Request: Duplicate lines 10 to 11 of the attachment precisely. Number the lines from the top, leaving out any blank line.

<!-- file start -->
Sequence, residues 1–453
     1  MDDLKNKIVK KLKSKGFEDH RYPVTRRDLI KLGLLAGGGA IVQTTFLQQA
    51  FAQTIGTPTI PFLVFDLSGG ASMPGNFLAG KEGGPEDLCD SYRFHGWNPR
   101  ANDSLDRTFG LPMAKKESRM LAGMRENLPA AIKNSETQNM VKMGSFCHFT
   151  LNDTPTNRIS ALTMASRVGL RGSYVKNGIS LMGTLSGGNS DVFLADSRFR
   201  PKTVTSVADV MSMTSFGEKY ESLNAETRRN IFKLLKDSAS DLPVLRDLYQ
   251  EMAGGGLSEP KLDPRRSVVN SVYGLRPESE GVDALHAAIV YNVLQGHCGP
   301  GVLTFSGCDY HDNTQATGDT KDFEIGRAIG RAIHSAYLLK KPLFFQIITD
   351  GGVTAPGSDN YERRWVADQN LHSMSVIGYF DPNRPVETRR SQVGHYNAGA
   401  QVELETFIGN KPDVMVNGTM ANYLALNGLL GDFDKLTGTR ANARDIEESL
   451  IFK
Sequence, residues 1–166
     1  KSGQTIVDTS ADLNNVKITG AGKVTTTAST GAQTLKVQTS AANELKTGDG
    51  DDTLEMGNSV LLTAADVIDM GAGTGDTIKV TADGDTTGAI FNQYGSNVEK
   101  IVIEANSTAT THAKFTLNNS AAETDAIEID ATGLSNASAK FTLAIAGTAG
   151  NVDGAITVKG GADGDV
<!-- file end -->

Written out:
   401  QVELETFIGN KPDVMVNGTM ANYLALNGLL GDFDKLTGTR ANARDIEESL
   451  IFK